The unmistakable buzzing of a bee has been known to instill terror in otherwise completely rational adults. Whether it’s frantic arm waving, dancing and dodging, or a full-fledged panic attack, some people react to bees with unmistakable fear. But the question is: Should we be afraid of bees?
The answer isn’t so simple, as there are a few misconceptions about bees that need to be cleared up.
First, there are two different types of bees in our region: the honeybee and the bumblebee. They differ in their size, color, and general habits. Neither bee species typically attacks humans unprovoked, but they are both capable of stinging.
Secondly, many people mistakenly refer to all stinging insects as bees, but, in reality, wasps and hornets differ immensely from bees. These buzzing insects are aggressive, have distinct appearances, and pose a bigger threat to humans, homes, and businesses.
Read on to learn more about how these busy insects differ.
As stated above, there are two types of bees in our region. Honeybees are typically amber or brown with black stripes and short furry hair, while bumblebees are larger, have yellow and black stripes, and sport longer furry hair. They both feed on nectar and pollen from flowers, but only honeybees can create a large enough store of honey in their hives for humans to collect.
Bees are also integral to many ecosystems as they pollinate plants, helping gardens, farms, and orchards flourish in the warmer months. According to the U.S. Department of Agriculture (USDA), honeybees contribute $15 billion each year to U.S. agriculture. Further, the USDA speculates that one out of every three bites of food can be attributed to bees.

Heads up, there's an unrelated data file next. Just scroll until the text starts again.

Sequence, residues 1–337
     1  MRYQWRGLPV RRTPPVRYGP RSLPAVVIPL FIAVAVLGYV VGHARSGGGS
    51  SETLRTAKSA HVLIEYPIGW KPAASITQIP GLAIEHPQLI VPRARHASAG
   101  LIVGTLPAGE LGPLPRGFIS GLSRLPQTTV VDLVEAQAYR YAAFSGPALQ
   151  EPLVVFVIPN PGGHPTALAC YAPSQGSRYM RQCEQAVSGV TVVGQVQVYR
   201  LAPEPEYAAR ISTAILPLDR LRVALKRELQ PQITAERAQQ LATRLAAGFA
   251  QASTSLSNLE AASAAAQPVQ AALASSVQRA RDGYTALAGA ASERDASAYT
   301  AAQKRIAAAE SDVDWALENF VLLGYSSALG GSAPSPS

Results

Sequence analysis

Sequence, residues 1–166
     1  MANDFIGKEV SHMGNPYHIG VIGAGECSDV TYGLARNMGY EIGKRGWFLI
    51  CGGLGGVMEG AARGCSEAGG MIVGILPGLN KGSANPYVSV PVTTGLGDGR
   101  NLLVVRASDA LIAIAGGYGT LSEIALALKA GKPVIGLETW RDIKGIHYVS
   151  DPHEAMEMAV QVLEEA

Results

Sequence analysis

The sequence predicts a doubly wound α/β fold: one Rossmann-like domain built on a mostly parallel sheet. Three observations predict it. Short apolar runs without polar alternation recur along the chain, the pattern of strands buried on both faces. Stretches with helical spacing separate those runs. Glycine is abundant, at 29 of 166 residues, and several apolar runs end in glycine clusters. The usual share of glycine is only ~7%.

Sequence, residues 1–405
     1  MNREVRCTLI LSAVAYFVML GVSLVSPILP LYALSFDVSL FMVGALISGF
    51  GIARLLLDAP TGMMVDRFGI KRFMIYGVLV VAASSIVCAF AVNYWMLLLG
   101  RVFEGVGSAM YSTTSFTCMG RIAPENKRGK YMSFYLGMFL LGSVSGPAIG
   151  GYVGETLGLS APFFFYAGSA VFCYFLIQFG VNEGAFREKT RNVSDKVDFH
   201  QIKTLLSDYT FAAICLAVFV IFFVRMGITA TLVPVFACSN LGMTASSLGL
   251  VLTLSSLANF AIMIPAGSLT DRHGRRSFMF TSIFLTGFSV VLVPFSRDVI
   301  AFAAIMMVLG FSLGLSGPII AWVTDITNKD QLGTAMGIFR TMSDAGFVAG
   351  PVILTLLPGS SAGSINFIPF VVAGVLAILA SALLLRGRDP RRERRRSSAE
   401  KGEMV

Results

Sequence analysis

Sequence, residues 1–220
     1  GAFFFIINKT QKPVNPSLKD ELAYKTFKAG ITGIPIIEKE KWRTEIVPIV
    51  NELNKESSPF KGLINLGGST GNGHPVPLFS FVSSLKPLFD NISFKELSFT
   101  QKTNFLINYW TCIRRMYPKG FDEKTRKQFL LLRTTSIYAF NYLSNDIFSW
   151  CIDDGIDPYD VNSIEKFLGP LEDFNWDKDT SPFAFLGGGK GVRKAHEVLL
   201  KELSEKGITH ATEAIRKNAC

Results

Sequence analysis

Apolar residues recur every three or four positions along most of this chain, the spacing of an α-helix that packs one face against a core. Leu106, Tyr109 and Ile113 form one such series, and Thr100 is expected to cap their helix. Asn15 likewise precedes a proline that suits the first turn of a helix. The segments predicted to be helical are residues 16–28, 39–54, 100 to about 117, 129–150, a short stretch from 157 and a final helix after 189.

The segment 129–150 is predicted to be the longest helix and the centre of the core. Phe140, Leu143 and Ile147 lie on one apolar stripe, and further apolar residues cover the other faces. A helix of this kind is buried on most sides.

Although bees are capable of stinging, they’ll only do so if provoked to defend themselves or the colony. It’s a last resort defense mechanism, as bees will die after stinging. When a bee stings, it releases pheromones alerting other bees that danger is close to the hive. A situation with one bee can quickly escalate into a situation with many bees in a few minutes.
Wasps & Hornets
These two carnivorous insects have similar hairless bodies, but hornets are a little bit larger. The most common wasp in North America is referred to as the yellow jacket – a yellow and black insect with a pattern that closely resembles that of a bumblebee. Both wasps and hornets are carnivorous, feasting on other insects, but they’re also attracted to rotting fruit and food.
Unlike bees, wasps and hornets don’t build hives. Instead they live in nests either above or below ground. They can live under porches or steps, in sidewalk cracks, at the base of trees, and even inside walls. They are incredibly aggressive and if they sense danger, they can chase people up to a quarter mile away. Wasps and hornets are also capable of multiple stings, and stinging doesn’t cause them to die.
Be Wary Of The Sting
A sting is more than just painful. It can cause severe allergies in some individuals. The normal reaction to a sting – be it by a bee, a wasp, or a hornet – is pain, swelling, and redness around the sting site. In a few cases, swelling may spread (i.e. a sting on the ankle may spread to the whole leg), but that is no more serious.
Allergic reactions are very serious and require swift medical attention. Symptoms include difficulty breathing, dizziness, difficulty swallowing, rapid pulse, and other alarming side effects. About 2 million Americans have allergies to the venom of stinging insects. Though it’s uncommon, these insects should still be cause for concern.
We’re Here To Help
If you have an issue with bees, wasps, or hornets on your property, the best action is to call the professionals. At Connor’s, we offer full-service packages that include humane and eco-friendly identification, extermination, and prevention techniques. So before you find yourself face-to-face with a swarm of insects, give us a call today.
Bee Informed: What’s Buzzing Around You? in Virginia
Serving the Virginia area since 1944